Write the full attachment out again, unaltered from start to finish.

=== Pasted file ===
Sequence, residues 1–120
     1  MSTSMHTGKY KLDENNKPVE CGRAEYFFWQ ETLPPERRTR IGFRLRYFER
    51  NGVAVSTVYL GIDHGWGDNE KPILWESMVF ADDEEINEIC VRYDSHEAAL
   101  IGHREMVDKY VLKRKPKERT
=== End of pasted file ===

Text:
Sequence, residues 1–120
     1  MSTSMHTGKY KLDENNKPVE CGRAEYFFWQ ETLPPERRTR IGFRLRYFER
    51  NGVAVSTVYL GIDHGWGDNE KPILWESMVF ADDEEINEIC VRYDSHEAAL
   101  IGHREMVDKY VLKRKPKERT